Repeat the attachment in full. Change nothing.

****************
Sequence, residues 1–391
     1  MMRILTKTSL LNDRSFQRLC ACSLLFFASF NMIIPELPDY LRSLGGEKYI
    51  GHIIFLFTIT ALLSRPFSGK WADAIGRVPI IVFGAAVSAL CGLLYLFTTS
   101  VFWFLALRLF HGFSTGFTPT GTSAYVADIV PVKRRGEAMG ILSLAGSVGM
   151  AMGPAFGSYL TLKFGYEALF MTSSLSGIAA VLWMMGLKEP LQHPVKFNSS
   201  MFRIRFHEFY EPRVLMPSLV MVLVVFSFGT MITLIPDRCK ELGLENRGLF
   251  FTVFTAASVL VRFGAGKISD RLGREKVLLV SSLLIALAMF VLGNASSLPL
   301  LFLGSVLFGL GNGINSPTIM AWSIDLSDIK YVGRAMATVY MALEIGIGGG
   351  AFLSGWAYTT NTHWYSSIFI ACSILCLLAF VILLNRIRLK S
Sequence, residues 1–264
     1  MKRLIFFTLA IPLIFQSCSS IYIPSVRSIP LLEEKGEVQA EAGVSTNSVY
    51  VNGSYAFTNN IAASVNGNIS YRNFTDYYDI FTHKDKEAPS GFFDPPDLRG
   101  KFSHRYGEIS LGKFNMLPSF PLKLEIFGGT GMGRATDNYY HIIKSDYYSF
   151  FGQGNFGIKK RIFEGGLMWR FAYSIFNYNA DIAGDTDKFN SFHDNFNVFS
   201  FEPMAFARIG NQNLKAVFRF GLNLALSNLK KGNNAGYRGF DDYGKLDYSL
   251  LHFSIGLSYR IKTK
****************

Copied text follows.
Sequence, residues 1–391
     1  MMRILTKTSL LNDRSFQRLC ACSLLFFASF NMIIPELPDY LRSLGGEKYI
    51  GHIIFLFTIT ALLSRPFSGK WADAIGRVPI IVFGAAVSAL CGLLYLFTTS
   101  VFWFLALRLF HGFSTGFTPT GTSAYVADIV PVKRRGEAMG ILSLAGSVGM
   151  AMGPAFGSYL TLKFGYEALF MTSSLSGIAA VLWMMGLKEP LQHPVKFNSS
   201  MFRIRFHEFY EPRVLMPSLV MVLVVFSFGT MITLIPDRCK ELGLENRGLF
   251  FTVFTAASVL VRFGAGKISD RLGREKVLLV SSLLIALAMF VLGNASSLPL
   301  LFLGSVLFGL GNGINSPTIM AWSIDLSDIK YVGRAMATVY MALEIGIGGG
   351  AFLSGWAYTT NTHWYSSIFI ACSILCLLAF VILLNRIRLK S
Sequence, residues 1–264
     1  MKRLIFFTLA IPLIFQSCSS IYIPSVRSIP LLEEKGEVQA EAGVSTNSVY
    51  VNGSYAFTNN IAASVNGNIS YRNFTDYYDI FTHKDKEAPS GFFDPPDLRG
   101  KFSHRYGEIS LGKFNMLPSF PLKLEIFGGT GMGRATDNYY HIIKSDYYSF
   151  FGQGNFGIKK RIFEGGLMWR FAYSIFNYNA DIAGDTDKFN SFHDNFNVFS
   201  FEPMAFARIG NQNLKAVFRF GLNLALSNLK KGNNAGYRGF DDYGKLDYSL
   251  LHFSIGLSYR IKTK